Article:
Local Langlands conjectures
In mathematics, the local Langlands conjectures, introduced by Langlands (1967, 1970), are part of the Langlands program. They describe a correspondence between the complex representations of a reductive algebraic group G over a local field F, and representations of the Langlands group of F into the L-group of G. This correspondence is not a bijection in general. The conjectures can be thought of as a generalization of local class field theory from abelian Galois groups to non-abelian Galois groups.
Local Langlands conjectures for GL1
The local Langlands conjectures for GL1(K) follow from (and are essentially equivalent to) local class field theory. More precisely the Artin map gives an isomorphism from the group GL1(K)= K* to the abelianization of the Weil group. In particular irreducible smooth representations of GL1(K) are 1-dimensional as the group is abelian, so can be identified with homomorphisms of the Weil group to GL1(C). This gives the Langlands correspondence between homomorphisms of the Weil group to GL1(C) and irreducible smooth representations of GL1(K).
Representations of the Weil group
Representations of the Weil group do not quite correspond to irreducible smooth representations of general linear groups. To get a bijection, one has to slightly modify the notion of a representation of the Weil group, to something called a Weil–Deligne representation. This consists of a representation of the Weil group on a vector space V together with a nilpotent endomorphism N of V such that wNw−1=||w||N, or equivalently a representation of the Weil–Deligne group. In addition the representation of the Weil group should have an open kernel, and should be (Frobenius) semisimple.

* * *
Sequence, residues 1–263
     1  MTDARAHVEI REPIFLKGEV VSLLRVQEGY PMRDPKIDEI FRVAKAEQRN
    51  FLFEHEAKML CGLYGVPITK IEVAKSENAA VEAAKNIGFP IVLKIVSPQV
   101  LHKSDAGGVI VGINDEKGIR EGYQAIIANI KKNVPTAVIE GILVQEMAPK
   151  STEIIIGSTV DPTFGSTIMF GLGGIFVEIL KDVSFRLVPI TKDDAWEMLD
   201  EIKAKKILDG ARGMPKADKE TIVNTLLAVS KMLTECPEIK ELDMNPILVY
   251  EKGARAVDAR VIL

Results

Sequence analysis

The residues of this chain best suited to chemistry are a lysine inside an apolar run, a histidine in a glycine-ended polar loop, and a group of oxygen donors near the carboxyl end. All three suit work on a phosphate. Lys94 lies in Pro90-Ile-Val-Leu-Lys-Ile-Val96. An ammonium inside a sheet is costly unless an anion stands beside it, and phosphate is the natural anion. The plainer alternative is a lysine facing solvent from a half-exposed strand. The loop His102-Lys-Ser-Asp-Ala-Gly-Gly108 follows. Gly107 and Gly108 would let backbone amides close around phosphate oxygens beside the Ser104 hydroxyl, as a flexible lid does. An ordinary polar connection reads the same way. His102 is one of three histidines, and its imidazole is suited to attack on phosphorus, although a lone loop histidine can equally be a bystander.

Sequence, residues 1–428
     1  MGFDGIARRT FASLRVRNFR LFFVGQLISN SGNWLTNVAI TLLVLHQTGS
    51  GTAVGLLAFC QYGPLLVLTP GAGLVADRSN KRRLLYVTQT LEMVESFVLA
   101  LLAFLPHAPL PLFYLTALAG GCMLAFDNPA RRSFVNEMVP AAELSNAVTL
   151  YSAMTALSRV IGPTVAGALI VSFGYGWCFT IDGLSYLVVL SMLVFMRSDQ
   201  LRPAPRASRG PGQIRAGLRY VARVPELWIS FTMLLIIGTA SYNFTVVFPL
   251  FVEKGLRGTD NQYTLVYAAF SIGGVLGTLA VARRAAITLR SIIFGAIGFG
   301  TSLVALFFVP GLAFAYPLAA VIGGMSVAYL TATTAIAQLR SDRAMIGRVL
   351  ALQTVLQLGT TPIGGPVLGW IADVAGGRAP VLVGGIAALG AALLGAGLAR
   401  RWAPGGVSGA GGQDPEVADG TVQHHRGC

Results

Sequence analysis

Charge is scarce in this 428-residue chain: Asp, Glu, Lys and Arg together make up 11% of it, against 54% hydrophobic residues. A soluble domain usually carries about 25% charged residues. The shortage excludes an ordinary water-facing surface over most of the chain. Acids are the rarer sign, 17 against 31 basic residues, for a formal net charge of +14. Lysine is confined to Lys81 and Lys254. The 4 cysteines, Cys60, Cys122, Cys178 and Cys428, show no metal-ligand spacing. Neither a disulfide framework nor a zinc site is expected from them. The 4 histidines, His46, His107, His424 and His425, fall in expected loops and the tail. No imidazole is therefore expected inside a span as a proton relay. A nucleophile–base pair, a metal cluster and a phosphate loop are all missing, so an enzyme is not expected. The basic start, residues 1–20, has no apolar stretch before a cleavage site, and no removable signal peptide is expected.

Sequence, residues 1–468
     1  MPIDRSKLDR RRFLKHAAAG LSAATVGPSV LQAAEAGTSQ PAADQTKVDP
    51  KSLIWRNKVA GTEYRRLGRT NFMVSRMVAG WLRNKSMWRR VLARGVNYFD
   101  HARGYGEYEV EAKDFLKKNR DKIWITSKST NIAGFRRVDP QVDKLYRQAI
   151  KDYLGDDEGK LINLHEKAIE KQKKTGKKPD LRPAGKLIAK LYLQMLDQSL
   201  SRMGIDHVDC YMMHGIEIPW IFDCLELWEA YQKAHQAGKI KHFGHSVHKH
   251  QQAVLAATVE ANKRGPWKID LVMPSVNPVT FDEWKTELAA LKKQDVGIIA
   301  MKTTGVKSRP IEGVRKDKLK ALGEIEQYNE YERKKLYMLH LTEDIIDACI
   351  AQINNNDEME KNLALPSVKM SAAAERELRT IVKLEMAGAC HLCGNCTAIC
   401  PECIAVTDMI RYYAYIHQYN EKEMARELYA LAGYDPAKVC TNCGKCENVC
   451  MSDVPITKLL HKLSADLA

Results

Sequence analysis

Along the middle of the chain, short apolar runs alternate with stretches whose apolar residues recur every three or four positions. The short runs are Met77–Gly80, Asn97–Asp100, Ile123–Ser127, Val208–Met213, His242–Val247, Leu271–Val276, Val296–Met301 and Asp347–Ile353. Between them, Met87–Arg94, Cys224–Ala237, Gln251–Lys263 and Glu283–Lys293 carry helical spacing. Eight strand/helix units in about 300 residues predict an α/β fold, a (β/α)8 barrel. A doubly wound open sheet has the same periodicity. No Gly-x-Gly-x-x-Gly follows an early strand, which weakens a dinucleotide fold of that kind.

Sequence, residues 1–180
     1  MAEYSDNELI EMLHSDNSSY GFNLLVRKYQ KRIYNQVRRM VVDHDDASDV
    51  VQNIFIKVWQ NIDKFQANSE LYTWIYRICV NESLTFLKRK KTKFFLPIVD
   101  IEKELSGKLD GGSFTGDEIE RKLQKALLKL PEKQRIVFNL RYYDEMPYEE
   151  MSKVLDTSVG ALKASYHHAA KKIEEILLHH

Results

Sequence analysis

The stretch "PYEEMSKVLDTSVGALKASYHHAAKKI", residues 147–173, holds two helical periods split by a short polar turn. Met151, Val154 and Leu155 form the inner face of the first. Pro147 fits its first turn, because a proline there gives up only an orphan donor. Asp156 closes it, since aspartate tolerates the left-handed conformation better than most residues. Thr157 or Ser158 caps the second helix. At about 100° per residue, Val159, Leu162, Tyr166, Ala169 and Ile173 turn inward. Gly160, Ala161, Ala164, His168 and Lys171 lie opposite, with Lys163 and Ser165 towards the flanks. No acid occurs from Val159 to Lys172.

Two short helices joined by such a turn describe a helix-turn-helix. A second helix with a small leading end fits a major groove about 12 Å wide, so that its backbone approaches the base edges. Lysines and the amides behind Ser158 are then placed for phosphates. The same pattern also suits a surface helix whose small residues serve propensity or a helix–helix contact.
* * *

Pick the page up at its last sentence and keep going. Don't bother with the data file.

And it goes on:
For every Frobenius semisimple complex n-dimensional Weil–Deligne representations ρ of the Weil group of F there is an L-function L(s,ρ) and a local ε-factor ε(s,ρ,ψ) (depending on a character ψ of F).
Representations of GLn(F)
The representations of GLn(F) appearing in the local Langlands correspondence are smooth irreducible complex representations.
- "Smooth" means that every vector is fixed by some open subgroup.
- "Irreducible" means that the representation is nonzero and has no subrepresentations other than 0 and itself.
Smooth irreducible representations are automatically admissible.
The Bernstein–Zelevinsky classification reduces the classification of irreducible smooth representations to cuspidal representations.
For every irreducible admissible complex representation π there is an L-function L(s,π) and a local ε-factor ε(s,π,ψ) (depending on a character ψ of F). More generally, if there are two irreducible admissible representations π and π' of general linear groups there are local Rankin–Selberg convolution L-functions L(s,π×π') and ε-factors ε(s,π×π',ψ).
Bushnell & Kutzko (1993) described the irreducible admissible representations of general linear groups over local fields.
Local Langlands conjectures for GL2
The local Langlands conjecture for GL2 of a local field says that there is a (unique) bijection π from 2-dimensional semisimple Deligne representations of the Weil group to irreducible smooth representations of GL2(F) that preserves L-functions, ε-factors, and commutes with twisting by characters of F*.